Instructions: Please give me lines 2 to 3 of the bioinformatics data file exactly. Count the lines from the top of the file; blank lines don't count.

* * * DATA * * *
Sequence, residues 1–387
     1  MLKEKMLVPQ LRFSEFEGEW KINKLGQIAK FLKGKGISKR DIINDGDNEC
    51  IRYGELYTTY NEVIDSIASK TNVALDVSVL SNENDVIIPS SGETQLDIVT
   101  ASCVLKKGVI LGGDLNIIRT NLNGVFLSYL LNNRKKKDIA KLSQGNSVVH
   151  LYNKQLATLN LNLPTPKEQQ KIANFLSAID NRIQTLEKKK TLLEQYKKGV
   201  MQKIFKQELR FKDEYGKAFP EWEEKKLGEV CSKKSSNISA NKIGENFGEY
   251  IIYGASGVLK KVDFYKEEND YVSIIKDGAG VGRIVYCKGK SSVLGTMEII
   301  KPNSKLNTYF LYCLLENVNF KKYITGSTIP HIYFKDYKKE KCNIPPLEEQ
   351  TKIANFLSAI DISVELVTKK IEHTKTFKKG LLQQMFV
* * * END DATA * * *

     1  MLKEKMLVPQ LRFSEFEGEW KINKLGQIAK FLKGKGISKR DIINDGDNEC
    51  IRYGELYTTY NEVIDSIASK TNVALDVSVL SNENDVIIPS SGETQLDIVT